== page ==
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Federal law enforcement officials, criminal justice experts and communities across the country have recognized that the lack of collection and reporting of policing data by states is a national problem that jeopardizes accountability, justice and public safety. Yet, there is no state or federal requirement to address this. It leaves a void in the ability to understand the impact of policing on communities, and how policing can be improved to advance justice and safety.
Like other states, New York lacks comprehensive data collection and reporting requirements, leaving the state with no public accounting of police activity – from routine activity to even the number of people killed during a law enforcement encounter. Possessing comprehensive data to fully understand policing and its impact is vital to conversations about reform, justice and public safety. It’s time for transparency.
New York should be a leader in collecting information on the impact of police activity across the state. The Police Statistics and Transparency (“Police-‐STAT”) Act (A.5946-‐Lentol/S147-‐Squadron) would allow the state to capture and publicly report vital information about policing, including:
- The total number of arrests and tickets for violations and misdemeanors each year, and information on their dispositions. Violations and misdemeanors are the most frequent law enforcement charges, and the least transparent. They are also the acts our Legislature has determined are the least serious—things like riding a bicycle on the sidewalk, or possessing an open container of alcohol.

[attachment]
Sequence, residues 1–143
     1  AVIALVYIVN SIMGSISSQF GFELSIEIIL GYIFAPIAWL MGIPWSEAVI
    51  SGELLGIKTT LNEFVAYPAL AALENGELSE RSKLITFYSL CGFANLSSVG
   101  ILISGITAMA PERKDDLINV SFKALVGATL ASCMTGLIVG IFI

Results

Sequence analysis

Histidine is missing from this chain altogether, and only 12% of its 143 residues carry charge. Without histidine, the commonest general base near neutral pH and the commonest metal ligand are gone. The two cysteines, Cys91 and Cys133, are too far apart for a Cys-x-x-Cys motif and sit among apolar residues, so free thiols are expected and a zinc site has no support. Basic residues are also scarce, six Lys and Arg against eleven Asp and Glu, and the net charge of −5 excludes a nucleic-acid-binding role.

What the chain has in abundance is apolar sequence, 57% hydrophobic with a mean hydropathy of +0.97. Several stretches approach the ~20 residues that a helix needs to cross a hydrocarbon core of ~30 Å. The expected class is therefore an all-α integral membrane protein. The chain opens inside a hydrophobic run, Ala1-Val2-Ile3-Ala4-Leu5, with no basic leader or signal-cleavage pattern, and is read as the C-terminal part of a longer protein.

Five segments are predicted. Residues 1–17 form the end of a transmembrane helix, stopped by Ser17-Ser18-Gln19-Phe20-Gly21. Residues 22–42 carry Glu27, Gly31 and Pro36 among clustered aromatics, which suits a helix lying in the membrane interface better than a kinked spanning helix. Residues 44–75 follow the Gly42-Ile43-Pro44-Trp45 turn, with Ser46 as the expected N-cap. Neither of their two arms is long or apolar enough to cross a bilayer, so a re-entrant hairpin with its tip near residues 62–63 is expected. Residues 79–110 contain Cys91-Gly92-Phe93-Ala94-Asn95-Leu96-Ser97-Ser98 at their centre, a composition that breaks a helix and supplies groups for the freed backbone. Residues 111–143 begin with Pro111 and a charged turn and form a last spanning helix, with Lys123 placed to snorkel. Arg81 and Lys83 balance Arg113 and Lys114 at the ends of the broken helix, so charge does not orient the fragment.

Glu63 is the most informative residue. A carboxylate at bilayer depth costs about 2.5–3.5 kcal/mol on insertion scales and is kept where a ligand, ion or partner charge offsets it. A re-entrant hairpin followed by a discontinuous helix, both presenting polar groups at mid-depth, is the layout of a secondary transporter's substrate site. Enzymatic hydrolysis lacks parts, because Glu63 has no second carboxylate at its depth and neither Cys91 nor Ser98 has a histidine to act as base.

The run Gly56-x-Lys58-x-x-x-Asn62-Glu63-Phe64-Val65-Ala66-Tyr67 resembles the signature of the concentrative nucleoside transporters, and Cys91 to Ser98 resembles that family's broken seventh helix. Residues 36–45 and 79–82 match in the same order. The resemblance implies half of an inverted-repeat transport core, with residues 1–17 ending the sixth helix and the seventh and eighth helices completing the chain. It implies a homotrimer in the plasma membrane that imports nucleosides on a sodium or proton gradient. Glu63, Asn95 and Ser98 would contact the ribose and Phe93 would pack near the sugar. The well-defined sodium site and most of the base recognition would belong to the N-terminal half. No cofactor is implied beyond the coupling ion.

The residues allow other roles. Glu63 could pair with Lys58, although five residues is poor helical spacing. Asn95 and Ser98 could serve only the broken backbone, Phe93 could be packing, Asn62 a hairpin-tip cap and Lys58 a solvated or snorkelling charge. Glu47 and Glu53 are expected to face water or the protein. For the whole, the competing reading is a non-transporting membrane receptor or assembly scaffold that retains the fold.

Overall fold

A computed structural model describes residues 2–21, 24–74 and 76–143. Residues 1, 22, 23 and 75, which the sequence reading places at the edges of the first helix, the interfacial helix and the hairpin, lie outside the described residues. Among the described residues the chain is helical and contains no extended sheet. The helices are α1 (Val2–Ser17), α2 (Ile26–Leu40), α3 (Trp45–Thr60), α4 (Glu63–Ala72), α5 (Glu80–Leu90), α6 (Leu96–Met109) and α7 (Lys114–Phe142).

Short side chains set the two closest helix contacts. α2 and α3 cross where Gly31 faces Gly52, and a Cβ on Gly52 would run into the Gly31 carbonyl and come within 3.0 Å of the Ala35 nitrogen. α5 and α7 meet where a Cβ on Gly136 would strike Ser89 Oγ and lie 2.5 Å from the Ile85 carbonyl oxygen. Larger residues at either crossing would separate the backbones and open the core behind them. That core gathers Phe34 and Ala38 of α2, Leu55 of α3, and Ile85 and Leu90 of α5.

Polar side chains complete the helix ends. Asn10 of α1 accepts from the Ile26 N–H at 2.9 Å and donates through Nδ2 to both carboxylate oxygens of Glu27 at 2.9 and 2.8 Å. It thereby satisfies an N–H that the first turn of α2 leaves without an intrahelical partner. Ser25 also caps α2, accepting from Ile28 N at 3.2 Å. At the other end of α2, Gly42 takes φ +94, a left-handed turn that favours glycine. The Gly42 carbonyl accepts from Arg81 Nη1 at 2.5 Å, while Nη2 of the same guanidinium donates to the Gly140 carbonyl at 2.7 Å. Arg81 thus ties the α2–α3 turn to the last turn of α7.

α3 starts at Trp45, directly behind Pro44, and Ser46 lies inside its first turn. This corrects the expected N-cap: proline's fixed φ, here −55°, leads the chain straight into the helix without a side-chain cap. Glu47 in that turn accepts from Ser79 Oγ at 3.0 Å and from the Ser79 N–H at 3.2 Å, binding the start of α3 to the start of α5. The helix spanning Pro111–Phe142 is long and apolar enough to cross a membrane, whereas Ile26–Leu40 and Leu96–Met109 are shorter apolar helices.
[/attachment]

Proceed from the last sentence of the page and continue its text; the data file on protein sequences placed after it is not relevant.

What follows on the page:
- The race, ethnicity, age, and sex of people who are charged with violations and misdemeanors. Limited available data on violations in New York City shows serious racial disparities: from 2002—2014, nearly 81% of tickets went to Black and Latino residents. 
- The total number of people who die during an interaction with police or in police custody each year, including demographic information. Across the nation, advocates and policymakers are insisting this important statistic be reported.
- The location of enforcement activity and arrest-related deaths. We know that communities experience policing differently, yet we don’t have the critical data to measure—much less reform—unfair impact. Geographic reporting will help complete the picture of low-level enforcement throughout the state.
One of the recommendations of the President’s Task Force on 21st Century Policing is for law enforcement agencies “to collect and maintain demographic data on all police actions (stops, frisks, searches, summonses, arrests, officer—involved shootings, and in-custody deaths).” There is no good reason to keep this information in the dark. The NYS legislatures should demonstrate national leadership by taking this important step.